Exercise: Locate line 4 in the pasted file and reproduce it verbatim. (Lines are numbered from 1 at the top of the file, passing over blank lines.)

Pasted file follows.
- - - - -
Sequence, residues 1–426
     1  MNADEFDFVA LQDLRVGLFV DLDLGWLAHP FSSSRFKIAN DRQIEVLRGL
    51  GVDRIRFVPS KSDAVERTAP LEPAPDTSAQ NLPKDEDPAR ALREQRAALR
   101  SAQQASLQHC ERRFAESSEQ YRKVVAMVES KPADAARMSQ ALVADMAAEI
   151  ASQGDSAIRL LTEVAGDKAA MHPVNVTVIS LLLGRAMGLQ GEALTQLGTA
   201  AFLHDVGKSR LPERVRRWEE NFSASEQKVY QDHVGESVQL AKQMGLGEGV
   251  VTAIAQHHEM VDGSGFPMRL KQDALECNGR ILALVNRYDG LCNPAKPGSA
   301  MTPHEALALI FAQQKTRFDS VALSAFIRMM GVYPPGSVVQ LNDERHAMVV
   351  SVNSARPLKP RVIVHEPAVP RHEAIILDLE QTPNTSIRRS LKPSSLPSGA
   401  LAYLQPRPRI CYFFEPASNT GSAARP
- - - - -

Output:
   101  SAQQASLQHC ERRFAESSEQ YRKVVAMVES KPADAARMSQ ALVADMAAEI